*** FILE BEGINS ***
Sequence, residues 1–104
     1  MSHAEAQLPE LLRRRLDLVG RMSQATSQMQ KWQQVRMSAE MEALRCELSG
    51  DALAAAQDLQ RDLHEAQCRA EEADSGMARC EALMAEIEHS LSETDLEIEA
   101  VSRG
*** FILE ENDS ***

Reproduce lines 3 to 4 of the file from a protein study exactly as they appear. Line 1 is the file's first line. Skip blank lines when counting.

    51  DALAAAQDLQ RDLHEAQCRA EEADSGMARC EALMAEIEHS LSETDLEIEA
   101  VSRG